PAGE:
Skullduggery and seduction among medieval peg people in Hulu’s stop-motion ‘Crossing Swords’


‘Crossing Swords’ – Stop-motion animation, adult content


“Crossing Swords” premieres Friday on Hulu.

Imagine, if you will, a kingdom where corruption, libidiny and avarice are admired, where cheaters always prosper and the virtuous are laughed at and derided.

It is in this medieval world of peg people in “Crossing Swords,” a decidedly adult stop-motion animated comedy from “Robot Chicken” executive producers Tom Root and John Harvatine IV that begins streaming Friday June 12, on Hulu, where a goodhearted young peasant named Patrick (voice of Nicholas Hoult, “X-Men: Dark Phoenix”) harbors lofty dreams of landing a squire position at the royal castle, much to the disdainful amusement of his father (voice of Breckin Meyer, “Robot Chicken”) and mother (voice of Wendi McLendon-Covey, “The Goldbergs”), who regard him as the black sheep of the family.

Mom and Dad would like Patrick to be more like his siblings: Reuben (Adam Ray, “Spy”), a member of a gang of forest bandits; Coral (Tara Strong), a pirate queen; and Barney (Tony Hale, “Veep”), an alcoholic birthday clown. Clearly, landing a position at the castle and getting out of that household would be welcome salvation.

Except the royal couple is no better. The king (Luke Evans, “Clash of the Ttians”) is a spoiled brat who won’t do anything for himself while the queen (Alanna Ubach, “See Dad Run”) will try to bed anything that moves. Patrick, obviously, has a tough row to hoe.


“Crossing Swords” premieres Friday on Hulu.

The series is full of irrevent humor as well as profanity, stop-motion violence and sex between peg people. None of the characters have arms or legs, so expressing those actions in stop-motion required a little imagination.

“Even though they’re just peg people with no arms and legs,” Harvatine explains, “we pretend like they can hold objects. And the way that we kind of do it is … basically the object kind of floats nearby like an elbow’s width away at most from the character. So we think about if they’re jousting, that they hold the little jousting thing and a lot of the acting comes through the positions of the body, like the center of gravity of the peg says a lot. And on the face, we can emote a lot with the expression, the eyebrows and eyes.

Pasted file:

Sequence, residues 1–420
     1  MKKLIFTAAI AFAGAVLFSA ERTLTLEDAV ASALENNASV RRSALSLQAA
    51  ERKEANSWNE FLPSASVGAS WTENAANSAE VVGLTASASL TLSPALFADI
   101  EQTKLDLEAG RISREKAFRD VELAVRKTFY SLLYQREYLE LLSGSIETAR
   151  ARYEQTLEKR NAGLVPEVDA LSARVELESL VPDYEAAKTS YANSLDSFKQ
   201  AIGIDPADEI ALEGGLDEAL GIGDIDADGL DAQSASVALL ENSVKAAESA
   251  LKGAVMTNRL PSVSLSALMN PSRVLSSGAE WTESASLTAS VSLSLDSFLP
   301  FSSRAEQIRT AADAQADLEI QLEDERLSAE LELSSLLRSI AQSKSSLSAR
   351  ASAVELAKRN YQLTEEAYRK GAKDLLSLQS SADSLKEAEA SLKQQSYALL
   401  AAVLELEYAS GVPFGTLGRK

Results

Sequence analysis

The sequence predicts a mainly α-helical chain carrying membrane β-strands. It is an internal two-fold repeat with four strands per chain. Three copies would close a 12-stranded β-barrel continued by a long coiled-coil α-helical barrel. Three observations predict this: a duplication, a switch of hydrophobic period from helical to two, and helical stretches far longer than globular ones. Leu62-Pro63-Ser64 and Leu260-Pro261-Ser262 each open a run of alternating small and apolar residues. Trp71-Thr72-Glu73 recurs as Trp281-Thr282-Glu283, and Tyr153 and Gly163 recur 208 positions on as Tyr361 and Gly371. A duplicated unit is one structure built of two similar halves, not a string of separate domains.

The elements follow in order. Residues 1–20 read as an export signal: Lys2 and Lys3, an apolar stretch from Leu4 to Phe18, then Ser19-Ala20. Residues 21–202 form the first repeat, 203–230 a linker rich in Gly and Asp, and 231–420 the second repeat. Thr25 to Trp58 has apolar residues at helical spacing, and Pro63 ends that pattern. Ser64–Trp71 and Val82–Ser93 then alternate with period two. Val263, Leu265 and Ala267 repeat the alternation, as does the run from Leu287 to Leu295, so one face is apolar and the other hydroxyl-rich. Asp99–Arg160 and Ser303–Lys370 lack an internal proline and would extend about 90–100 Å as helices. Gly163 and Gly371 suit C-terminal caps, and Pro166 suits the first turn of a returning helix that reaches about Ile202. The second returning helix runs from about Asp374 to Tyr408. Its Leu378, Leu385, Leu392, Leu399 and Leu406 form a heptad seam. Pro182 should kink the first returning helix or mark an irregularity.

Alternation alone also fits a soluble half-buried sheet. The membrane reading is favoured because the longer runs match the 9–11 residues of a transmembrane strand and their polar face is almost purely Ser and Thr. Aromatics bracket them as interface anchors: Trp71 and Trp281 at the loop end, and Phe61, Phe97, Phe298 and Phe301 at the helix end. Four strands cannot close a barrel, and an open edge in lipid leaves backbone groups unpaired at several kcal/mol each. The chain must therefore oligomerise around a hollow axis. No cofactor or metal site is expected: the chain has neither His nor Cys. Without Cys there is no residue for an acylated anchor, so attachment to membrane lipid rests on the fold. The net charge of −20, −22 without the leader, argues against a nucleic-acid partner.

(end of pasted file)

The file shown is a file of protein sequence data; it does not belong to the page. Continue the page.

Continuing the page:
“And then … picture taking like a little object and just kind of moving it back and forth mimicking,” he continues, “as if you’re like a little kid telling a story, so you think about that, too. And then when you get to the stage, you take your experiences as a kid thinking about playing with these toys and then as an animator how can you express this in a clear way with purpose? And then as a result on camera, you get a performance that hopefully is communicating simple things like jousting or other acting things.”

For the voices, Harvatine and Root had actors already in mind for some characters but others required a search. Putting what they think they should sound like on tape, they then matched those with audition tapes. One stood out.

“Alanna Ubach is fantastic, of course, but she wasn’t like at the top of our minds,” Root says. “And then she put herself on tape as essentially doing her … very heightened version of (Queen Elizabeth II) and it was so funny. And just out of nowhere, we were like, ‘Well, that’s just perfect. We’ve got to do that.’ … And just the attitude she brought to the character, it kind of didn’t matter what she was doing, it’s just really fun.”


George Dickie

George Dickie

George Dickie has been a features writer for Gracenote/Tribune Media Services since 1989, when “Hee-Haw” was still on the air and George “Goober” Lindsay was his first interview. His early interviews ranged from Jim Henson and Dick Van Dyke to Phil Collins and the Dixie Chicks.

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